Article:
This image of plowmen working a field is from a 14th-century manuscript depicting everyday life among people of that time. It's one of many sources used for study within the Center for Medieval and Renaissance Studies.
Department: Center for Medieval and Renaissance Studies
Years at Duke: Michael Cornett, program coordinator for the center, noted it's the oldest interdisciplinary group on campus, having been around between 50 and 60 years.
Valeria Finucci, director
Number of employees: 2. Cornett and the center's director, Valeria Finucci, professor of Italian studies and theater studies.
Who they are: As an interdisciplinary group, the Center for Medieval and Renaissance Studies features about 40 faculty from 10 different academic departments across Duke, including Religion, History, Art, Art History & Visual Studies and more. The program offers a major and minor track of study for undergraduates and a certificate program for graduate students. Courses cover material from 500 to 1700.
What they're known for: Driving conversation and research about medieval and early modern times. Cornett said the Triangle hosts slightly more than 300 faculty and researchers who study the field from Duke, University of North Carolina-Chapel Hill and North Carolina State University. Duke's program hosts workshops, conferences and colloquiums covering a breadth of topics, from the marginalized cultural groups of medieval times to poetry or historical figures like Niccolo Machiavelli.
What they can do for you: A full list of ongoing events can be found on the Center's website, which includes talks and performances on Duke's campuses as well as others. All activities are open to Duke community members.
Hidden department fact: Each year, about 1,000 Duke students take a class through the Center for Medieval and Renaissance Studies, which offers 25 to 30 courses at Duke every semester. Cornett noted that many undergraduate students who double major with the program often have an interest in attending medical school.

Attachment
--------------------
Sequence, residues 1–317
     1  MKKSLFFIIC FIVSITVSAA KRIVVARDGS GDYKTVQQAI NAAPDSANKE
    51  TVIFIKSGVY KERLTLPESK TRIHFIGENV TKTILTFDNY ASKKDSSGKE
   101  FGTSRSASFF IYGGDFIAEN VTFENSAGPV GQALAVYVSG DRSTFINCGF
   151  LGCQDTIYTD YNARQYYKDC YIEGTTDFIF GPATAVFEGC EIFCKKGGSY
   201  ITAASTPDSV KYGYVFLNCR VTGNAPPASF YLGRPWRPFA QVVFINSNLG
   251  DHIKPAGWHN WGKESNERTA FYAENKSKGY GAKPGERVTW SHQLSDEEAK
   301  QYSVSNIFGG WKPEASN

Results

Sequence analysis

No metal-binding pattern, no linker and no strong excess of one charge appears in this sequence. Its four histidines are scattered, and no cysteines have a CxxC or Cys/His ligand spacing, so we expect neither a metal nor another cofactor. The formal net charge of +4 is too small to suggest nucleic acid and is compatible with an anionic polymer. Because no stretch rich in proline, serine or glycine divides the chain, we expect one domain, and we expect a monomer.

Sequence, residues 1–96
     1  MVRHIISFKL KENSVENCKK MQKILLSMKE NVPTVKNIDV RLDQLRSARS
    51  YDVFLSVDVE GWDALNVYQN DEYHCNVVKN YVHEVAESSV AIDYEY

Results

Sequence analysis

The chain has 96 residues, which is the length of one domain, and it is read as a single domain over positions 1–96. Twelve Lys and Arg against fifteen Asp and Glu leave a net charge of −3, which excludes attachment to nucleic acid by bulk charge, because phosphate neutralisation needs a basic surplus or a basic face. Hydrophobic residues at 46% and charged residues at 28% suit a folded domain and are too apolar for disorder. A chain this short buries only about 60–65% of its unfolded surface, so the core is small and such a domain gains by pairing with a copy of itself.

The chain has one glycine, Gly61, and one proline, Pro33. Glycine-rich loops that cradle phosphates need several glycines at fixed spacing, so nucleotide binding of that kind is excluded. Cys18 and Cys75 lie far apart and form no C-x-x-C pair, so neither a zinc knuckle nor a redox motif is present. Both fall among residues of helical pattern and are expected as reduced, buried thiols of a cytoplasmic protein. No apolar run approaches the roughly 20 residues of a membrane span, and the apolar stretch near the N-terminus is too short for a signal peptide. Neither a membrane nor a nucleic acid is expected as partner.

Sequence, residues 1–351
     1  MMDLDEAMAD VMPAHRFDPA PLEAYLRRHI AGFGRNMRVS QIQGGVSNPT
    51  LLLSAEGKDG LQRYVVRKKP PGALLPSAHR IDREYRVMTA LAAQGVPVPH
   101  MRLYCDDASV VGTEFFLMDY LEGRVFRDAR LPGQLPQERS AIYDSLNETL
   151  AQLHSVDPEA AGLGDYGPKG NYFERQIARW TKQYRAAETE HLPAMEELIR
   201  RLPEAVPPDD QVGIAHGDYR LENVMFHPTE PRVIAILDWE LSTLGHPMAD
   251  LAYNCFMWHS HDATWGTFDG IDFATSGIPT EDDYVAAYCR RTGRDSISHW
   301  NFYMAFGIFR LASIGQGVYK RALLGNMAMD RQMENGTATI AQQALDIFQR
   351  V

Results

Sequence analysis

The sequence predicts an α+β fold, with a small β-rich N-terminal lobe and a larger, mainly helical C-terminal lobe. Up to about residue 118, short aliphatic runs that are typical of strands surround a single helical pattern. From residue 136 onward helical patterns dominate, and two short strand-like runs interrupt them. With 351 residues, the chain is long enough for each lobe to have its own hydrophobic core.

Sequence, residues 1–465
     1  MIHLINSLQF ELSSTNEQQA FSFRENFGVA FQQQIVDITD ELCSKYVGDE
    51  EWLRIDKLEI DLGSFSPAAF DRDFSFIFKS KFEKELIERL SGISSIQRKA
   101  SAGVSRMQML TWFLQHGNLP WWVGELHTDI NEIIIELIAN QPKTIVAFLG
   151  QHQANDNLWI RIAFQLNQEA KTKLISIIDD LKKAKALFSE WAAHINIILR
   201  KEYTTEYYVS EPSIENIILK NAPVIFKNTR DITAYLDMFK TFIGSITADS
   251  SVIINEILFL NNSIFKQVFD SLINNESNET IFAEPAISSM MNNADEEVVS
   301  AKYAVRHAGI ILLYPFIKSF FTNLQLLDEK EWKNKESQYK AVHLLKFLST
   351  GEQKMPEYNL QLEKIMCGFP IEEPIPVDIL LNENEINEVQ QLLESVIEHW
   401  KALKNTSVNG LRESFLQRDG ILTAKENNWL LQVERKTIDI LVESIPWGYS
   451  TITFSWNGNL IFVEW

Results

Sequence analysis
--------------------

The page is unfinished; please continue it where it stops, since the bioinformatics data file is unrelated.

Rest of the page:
"I think it's because our courses range across so many different fields, students can satisfy general college requirements while taking courses in our program," Cornett said. "Students almost unanimously tell me that in medical school interviews they're asked about their Medieval and Renaissance Studies major more than anything else because it distinguishes them."
Significant achievement: "About 80 percent of our majors are involved in honors work at Duke," Cornett said. "We also offer a lot of research opportunities for undergraduate students, which I think helps attract many of the brightest Duke students who are interested in hands-on research to our program."
Michael Cornett, program coordinator
Big goal: Since the Center for Medieval and Renaissance Studies has a small physical presence on campus - an office in Trent Drive Hall - Cornett said the program takes extra steps to expand its outreach, for example, through symposia on campus jointly sponsored by the Center and the Journal of Medieval and Early Modern Studies. Published three times a year by Duke University Press, the journal includes a variety of scholarly work covering topics like English theater, religion, the work of Shakespeare and more.
How they make a difference: "Throughout our work with students, publications, research and events, we're creating new knowledge about the past and trying to better understand where we have come from," Cornett said. "It's just fascinating to study, and our understanding of the past is closely linked to the way we live our lives today. It helps us appreciate how our present has been defined by differences from the past but also by similarities."